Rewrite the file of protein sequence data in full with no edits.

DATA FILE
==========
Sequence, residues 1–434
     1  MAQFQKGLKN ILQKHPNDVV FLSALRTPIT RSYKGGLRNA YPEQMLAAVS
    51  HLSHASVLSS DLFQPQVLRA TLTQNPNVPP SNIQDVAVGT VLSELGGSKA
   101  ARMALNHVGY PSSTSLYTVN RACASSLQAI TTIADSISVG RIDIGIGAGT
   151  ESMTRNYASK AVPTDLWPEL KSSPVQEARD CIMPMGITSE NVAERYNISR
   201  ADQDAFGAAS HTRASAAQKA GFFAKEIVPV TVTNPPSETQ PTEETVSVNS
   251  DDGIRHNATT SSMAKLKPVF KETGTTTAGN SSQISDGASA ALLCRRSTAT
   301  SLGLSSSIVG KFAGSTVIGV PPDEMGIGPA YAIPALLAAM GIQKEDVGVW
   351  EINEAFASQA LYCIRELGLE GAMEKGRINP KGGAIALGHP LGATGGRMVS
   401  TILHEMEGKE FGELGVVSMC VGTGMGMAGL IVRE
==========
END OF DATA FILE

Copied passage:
Sequence, residues 1–434
     1  MAQFQKGLKN ILQKHPNDVV FLSALRTPIT RSYKGGLRNA YPEQMLAAVS
    51  HLSHASVLSS DLFQPQVLRA TLTQNPNVPP SNIQDVAVGT VLSELGGSKA
   101  ARMALNHVGY PSSTSLYTVN RACASSLQAI TTIADSISVG RIDIGIGAGT
   151  ESMTRNYASK AVPTDLWPEL KSSPVQEARD CIMPMGITSE NVAERYNISR
   201  ADQDAFGAAS HTRASAAQKA GFFAKEIVPV TVTNPPSETQ PTEETVSVNS
   251  DDGIRHNATT SSMAKLKPVF KETGTTTAGN SSQISDGASA ALLCRRSTAT
   301  SLGLSSSIVG KFAGSTVIGV PPDEMGIGPA YAIPALLAAM GIQKEDVGVW
   351  EINEAFASQA LYCIRELGLE GAMEKGRINP KGGAIALGHP LGATGGRMVS
   401  TILHEMEGKE FGELGVVSMC VGTGMGMAGL IVRE